Four Steps of Bible Study


I'm sure most everyone can relate to starting a new job at a new company. Just think about that time. Your eyes are kinda bugged out looking around and observing all the new things. This place is totally different from your last job. You see things that your previous job didn't have. People at this company are doing things that people didn't do at the last company. So, you do your best to go through and observe everything happening.

After you spent some time observing, could be minutes, hours, or days, you start grabbing the reasons for why they operate the way they do. Sometimes people in the company freely offer up reasons and sometimes you ask the questions; in either case, you look for reasons. It's these reasons that help you understand what your seeing better.

In some cases, you discover things that will work at your house and in your life. It may be something with organizing or maybe a tool they use. We may discover new ways to do the same thing we've been doing for a while or find a totally new concept and bring it home from our work. We think of how that concept can work in our house and we apply it.

While some things work, you know that not all things will work. Your home space is only so big so you can't buy a truckload of product at an incredible price and then store it. The big baking ovens just don't fit well in the little space provided for a home range oven.

When studying the Bible we often look at what we are seeing on the surface and then try to apply it to our life. Unfortunately, when we look at things on the surface we try to view the writings of the Bible in the twenty-first century American mindset. It's like trying to take the knowledge and actions of a concrete construction job to that of a secretarial job. Each book of the Bible is a historical account, wisdom writing, hymnal, letters, and prophecies written to a people in a different country, century, culture, and language; addressing their questions and issues. What does this mean for us?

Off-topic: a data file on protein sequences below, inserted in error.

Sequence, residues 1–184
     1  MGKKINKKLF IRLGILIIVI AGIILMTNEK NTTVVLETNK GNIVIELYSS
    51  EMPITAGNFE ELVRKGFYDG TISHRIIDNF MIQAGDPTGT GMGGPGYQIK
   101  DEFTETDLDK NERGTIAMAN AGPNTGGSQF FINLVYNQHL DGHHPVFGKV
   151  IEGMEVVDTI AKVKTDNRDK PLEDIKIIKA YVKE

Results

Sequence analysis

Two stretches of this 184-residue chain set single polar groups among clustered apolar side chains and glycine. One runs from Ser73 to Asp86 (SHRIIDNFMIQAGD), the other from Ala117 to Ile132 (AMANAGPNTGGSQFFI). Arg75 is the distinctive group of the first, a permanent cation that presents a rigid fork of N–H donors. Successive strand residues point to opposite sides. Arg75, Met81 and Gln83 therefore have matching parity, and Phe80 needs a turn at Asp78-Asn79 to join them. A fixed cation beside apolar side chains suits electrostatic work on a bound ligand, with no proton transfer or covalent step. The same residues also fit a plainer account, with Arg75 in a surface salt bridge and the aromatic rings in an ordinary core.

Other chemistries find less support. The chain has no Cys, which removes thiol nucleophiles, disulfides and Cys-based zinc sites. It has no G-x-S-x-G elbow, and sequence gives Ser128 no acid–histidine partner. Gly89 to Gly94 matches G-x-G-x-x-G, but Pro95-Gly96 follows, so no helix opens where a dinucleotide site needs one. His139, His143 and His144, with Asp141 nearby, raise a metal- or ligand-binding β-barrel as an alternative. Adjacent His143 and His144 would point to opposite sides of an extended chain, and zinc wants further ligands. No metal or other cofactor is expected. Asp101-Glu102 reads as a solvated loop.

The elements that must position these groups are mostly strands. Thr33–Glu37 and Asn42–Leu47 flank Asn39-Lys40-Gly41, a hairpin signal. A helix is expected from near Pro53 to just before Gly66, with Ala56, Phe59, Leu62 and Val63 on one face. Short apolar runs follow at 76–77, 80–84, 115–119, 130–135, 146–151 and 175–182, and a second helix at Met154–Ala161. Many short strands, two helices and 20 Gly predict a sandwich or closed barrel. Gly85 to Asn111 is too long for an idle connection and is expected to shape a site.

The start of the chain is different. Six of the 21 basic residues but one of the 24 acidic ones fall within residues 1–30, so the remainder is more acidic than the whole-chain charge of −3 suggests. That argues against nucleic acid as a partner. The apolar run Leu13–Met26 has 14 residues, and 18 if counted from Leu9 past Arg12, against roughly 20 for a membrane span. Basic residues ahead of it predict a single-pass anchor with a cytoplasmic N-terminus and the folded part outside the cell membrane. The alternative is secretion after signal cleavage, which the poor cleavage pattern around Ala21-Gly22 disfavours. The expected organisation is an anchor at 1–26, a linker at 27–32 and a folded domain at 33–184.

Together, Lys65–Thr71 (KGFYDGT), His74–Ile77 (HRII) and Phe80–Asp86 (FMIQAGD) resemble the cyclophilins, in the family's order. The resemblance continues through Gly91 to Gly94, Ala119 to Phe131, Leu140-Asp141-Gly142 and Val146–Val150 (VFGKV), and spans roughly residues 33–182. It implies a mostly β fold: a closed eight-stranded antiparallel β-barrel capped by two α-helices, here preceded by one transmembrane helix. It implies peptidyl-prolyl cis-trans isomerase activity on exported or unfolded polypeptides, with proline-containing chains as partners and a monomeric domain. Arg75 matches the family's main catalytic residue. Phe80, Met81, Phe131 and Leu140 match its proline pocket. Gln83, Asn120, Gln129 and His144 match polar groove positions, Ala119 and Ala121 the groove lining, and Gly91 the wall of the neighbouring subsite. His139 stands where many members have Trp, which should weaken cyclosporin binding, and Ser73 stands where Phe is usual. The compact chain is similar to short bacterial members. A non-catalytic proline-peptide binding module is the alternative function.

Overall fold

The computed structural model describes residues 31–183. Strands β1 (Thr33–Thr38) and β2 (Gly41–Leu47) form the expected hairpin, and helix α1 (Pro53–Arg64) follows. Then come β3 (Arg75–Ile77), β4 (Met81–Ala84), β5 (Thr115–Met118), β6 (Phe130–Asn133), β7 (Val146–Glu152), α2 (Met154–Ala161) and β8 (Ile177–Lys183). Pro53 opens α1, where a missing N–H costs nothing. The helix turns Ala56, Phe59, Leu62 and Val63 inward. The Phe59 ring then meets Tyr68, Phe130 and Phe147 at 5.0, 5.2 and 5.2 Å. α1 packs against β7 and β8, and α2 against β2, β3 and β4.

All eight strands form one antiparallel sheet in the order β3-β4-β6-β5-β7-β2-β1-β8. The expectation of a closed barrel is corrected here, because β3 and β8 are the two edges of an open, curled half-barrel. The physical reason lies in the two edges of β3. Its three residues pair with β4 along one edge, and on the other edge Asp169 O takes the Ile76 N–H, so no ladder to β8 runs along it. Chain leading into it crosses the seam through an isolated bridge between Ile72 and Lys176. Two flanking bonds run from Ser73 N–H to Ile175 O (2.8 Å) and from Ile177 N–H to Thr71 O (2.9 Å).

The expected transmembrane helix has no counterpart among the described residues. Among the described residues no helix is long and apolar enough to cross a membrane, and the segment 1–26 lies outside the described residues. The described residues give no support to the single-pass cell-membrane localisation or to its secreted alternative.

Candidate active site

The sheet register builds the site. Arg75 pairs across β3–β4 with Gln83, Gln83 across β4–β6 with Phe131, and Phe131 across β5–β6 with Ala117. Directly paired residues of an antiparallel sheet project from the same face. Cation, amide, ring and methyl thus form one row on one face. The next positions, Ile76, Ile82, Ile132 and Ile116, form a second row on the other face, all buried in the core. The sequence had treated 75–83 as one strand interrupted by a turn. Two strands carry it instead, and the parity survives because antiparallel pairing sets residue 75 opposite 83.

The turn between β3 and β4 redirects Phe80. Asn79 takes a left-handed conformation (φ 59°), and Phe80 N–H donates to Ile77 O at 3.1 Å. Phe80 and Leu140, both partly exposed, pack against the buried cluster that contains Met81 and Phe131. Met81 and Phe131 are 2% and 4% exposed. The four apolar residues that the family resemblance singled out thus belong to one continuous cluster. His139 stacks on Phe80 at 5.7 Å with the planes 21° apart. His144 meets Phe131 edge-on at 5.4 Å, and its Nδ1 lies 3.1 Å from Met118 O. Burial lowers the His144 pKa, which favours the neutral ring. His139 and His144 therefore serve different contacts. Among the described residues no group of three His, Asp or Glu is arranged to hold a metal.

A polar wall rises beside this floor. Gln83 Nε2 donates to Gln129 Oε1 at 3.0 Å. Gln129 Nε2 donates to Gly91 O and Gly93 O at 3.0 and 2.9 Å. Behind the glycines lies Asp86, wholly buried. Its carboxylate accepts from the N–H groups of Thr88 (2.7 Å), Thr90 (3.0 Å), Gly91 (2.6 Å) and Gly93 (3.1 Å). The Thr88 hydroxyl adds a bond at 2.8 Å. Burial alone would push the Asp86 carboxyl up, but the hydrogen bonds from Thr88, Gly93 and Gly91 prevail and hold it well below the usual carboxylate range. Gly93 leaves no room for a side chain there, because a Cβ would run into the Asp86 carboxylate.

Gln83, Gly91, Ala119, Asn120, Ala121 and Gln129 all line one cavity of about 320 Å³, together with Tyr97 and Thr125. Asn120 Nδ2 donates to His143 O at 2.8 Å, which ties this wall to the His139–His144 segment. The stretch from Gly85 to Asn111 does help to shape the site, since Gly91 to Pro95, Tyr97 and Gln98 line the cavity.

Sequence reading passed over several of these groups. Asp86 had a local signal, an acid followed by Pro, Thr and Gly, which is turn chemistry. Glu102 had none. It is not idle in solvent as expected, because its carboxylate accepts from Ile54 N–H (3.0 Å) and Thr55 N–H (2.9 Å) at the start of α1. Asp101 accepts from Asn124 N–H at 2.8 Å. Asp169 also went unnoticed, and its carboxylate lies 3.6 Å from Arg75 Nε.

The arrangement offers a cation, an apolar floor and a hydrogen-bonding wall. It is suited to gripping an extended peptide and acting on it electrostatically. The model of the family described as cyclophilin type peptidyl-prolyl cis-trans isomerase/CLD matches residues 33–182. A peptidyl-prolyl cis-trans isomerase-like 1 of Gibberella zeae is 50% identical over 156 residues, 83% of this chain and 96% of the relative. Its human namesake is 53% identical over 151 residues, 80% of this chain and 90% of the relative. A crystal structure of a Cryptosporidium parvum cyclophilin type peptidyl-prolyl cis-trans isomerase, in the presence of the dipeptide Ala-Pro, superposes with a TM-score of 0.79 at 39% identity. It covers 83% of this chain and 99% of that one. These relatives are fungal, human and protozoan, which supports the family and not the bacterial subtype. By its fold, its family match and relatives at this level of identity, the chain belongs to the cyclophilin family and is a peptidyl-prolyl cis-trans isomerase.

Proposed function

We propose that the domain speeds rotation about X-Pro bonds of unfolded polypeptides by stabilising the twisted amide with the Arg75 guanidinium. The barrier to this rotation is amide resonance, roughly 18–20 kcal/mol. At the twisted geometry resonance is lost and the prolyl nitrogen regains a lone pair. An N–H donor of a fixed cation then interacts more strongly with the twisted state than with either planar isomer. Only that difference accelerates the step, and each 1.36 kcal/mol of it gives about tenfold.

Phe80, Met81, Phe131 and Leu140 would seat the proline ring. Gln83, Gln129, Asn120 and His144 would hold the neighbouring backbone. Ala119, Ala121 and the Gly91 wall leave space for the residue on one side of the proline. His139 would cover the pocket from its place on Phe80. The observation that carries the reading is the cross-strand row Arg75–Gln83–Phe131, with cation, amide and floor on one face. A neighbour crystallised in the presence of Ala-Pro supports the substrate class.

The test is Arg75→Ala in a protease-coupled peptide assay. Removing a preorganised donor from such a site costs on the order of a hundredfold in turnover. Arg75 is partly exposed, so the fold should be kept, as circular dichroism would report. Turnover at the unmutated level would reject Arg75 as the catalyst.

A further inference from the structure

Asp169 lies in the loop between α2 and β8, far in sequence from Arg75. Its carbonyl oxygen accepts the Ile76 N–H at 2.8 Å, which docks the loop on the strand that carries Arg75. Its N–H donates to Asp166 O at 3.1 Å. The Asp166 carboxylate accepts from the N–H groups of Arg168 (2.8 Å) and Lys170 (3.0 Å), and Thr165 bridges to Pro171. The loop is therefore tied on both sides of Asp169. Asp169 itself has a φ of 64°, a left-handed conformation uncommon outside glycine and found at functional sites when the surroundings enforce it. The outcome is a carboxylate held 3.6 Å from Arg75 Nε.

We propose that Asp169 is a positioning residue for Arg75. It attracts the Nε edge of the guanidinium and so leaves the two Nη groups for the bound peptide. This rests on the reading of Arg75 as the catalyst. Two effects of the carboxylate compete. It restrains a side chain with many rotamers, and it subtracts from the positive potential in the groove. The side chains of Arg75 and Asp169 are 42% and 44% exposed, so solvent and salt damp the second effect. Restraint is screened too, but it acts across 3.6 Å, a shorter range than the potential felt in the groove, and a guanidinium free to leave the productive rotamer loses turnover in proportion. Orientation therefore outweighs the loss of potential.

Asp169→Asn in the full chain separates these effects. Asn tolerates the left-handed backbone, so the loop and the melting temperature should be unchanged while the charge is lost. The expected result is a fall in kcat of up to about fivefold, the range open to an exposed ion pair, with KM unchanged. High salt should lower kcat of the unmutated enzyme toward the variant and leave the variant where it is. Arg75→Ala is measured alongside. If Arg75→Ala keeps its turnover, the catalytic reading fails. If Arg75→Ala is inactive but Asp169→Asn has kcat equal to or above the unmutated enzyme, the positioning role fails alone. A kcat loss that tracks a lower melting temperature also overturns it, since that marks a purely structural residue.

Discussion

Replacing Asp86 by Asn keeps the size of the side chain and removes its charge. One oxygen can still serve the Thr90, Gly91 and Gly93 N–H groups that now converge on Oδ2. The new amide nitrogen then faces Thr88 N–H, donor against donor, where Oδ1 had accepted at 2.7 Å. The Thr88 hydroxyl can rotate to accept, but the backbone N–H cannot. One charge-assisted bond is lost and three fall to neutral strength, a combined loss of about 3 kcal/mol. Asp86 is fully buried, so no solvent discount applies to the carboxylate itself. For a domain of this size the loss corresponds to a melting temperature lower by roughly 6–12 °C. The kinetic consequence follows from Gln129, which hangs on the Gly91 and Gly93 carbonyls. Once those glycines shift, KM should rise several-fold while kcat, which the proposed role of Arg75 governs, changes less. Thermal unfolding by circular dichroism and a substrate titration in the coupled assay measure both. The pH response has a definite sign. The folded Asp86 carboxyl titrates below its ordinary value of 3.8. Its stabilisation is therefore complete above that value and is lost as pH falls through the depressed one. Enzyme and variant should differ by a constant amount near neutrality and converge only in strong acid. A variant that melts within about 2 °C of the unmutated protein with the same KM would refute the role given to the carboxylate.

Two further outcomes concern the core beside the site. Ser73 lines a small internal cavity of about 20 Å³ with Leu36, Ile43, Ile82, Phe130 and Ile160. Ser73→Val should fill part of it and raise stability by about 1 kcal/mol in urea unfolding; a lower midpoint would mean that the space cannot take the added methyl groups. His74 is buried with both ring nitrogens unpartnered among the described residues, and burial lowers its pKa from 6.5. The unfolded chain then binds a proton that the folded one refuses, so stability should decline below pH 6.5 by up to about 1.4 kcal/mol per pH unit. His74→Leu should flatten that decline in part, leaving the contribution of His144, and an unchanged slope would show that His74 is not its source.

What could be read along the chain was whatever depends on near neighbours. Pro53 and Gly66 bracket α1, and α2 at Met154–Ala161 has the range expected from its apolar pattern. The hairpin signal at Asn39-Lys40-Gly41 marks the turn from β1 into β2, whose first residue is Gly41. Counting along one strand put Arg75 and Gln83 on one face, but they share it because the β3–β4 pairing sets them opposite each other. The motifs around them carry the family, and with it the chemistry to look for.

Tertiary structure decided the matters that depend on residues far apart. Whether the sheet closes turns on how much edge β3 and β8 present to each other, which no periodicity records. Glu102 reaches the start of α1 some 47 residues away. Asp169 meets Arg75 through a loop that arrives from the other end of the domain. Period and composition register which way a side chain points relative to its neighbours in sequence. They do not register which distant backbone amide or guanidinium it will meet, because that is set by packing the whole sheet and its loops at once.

This means God loved those people dearly and the fact that He preserved these writings for us means He loves us dearly as well. But, in order for us to rightly apply this book to our lives, we need to find out what the book was saying to them and then see how that relates to us. This happens in three steps.

1. See what it is saying. Too often we skim over a text as if it's a part of our check off list that we are trying to complete. When we do, we miss keywords and statements or maybe add words that are not there which totally changes the meaning of the text.

2. Find out what it means. We need to ask the Bible questions: who, what, where, when, and why. If we do not find the context of the passage we can make the passage say anything we want it to say.

3. Find the timeless truth. A Biblical truth will be timeless; which means, that truth can be applied to the people of the first century, the fifth century, the fourteenth century, and the twenty-first century. That truth can also be applied in Israel as well as China, India, America, and beyond. If what you find can only apply to a twenty-first America than that is not a Biblical truth.

Once these three steps have been made then we can properly apply the truth of Scripture to our lives. Since the Bible was written to a specific people answering their questions then we understand there is only one interpretation; yet, there are a great number of applications in our lives.